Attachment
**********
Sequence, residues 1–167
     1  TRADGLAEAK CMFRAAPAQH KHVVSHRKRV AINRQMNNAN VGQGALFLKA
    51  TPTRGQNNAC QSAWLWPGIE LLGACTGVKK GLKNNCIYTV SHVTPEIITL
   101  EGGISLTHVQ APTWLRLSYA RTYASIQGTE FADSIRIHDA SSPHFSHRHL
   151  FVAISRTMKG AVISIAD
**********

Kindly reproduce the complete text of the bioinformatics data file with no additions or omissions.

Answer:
Sequence, residues 1–167
     1  TRADGLAEAK CMFRAAPAQH KHVVSHRKRV AINRQMNNAN VGQGALFLKA
    51  TPTRGQNNAC QSAWLWPGIE LLGACTGVKK GLKNNCIYTV SHVTPEIITL
   101  EGGISLTHVQ APTWLRLSYA RTYASIQGTE FADSIRIHDA SSPHFSHRHL
   151  FVAISRTMKG AVISIAD